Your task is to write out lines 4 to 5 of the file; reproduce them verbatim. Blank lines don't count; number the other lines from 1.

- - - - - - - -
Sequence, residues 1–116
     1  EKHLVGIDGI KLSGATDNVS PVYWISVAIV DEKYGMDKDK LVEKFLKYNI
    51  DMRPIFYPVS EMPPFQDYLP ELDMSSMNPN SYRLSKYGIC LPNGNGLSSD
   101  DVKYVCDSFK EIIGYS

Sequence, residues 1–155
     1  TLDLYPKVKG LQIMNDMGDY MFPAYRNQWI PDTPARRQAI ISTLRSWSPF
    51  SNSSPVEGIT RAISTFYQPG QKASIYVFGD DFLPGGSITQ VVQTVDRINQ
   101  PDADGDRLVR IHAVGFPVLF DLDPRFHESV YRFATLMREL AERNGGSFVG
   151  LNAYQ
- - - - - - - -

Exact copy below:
   101  DVKYVCDSFK EIIGYS

Sequence, residues 1–155